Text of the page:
The bill would require the inspector to provide a copy of the inspection report to the association immediately upon completion of the report, and to the local code enforcement agency within 15 days of completion of the report, if, after inspection of any exterior elevated element, the inspector advises that the exterior elevated element poses an immediate threat to the safety of the occupants.
The bill would require the association to take preventive measures immediately upon receiving the report, including preventing occupant access to the exterior elevated element until repairs have been inspected and approved by the local enforcement agency.
The bill would authorize local enforcement agencies to recover enforcement costs associated with these requirements from the association.
The bill would authorize the association board to enact rules or bylaws imposing requirements greater than those imposed by these provisions.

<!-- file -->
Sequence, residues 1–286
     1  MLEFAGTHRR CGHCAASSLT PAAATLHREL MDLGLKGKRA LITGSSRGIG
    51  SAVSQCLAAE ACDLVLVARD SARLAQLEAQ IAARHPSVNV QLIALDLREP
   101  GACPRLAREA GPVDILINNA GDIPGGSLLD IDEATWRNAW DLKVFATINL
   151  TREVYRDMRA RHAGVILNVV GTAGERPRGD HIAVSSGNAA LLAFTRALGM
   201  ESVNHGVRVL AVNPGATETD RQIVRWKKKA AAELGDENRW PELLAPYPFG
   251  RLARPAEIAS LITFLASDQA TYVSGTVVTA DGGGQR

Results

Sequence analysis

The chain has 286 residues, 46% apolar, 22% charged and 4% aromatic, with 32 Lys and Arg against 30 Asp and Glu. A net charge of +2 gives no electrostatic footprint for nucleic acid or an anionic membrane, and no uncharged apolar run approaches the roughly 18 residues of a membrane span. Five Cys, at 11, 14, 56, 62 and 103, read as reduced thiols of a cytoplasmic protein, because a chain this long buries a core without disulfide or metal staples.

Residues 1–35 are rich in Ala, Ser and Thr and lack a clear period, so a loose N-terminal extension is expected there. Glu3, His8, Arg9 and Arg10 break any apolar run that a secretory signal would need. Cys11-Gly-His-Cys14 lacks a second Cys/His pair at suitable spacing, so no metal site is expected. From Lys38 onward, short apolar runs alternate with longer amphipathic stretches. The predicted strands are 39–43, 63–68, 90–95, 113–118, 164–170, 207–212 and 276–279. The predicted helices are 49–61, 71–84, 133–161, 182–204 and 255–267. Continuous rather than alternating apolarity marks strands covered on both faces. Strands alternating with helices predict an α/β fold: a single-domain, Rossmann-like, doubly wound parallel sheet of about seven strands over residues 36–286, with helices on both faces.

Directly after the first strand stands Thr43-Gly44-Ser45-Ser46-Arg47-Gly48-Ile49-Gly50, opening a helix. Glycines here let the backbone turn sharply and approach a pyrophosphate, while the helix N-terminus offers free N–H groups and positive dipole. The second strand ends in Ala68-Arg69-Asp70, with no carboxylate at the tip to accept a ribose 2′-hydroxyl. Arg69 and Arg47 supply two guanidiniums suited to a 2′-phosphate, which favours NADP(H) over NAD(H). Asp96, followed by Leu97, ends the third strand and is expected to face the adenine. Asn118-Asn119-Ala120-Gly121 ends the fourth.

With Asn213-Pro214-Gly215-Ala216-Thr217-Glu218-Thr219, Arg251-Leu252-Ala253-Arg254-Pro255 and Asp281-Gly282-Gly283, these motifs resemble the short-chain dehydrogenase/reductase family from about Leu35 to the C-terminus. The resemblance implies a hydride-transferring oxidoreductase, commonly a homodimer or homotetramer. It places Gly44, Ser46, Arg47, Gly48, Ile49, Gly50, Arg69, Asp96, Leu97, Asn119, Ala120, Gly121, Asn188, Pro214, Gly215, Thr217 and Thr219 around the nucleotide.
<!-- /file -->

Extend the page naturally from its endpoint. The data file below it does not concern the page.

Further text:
Inspections must be completed every nine years. The first inspection must be completed by the end of 2024. Buildings being constructed after this law goes into effect will need to complete their first inspection within six years of issuance of a certificate of occupancy.
What Are Exterior Elevated Elements?
An Exterior Elevated Element (EEE) per CA Civil Code §5551(a)(2) “Exterior Elevated Elements means the load-bearing components together with their associated waterproofing system.”
- It extends beyond a building’s exterior walls
- It is designed for human use
- Has a walking surface more than 6 feet above ground level
- Have load-bearing components made with wood or wood-based products
They include balconies, decks, porches, stairways, walkways and entry structures.
It sounds vague and confusing until you read §5551(a)(1) and §5551(a)(3) which unpacks the nested definitions: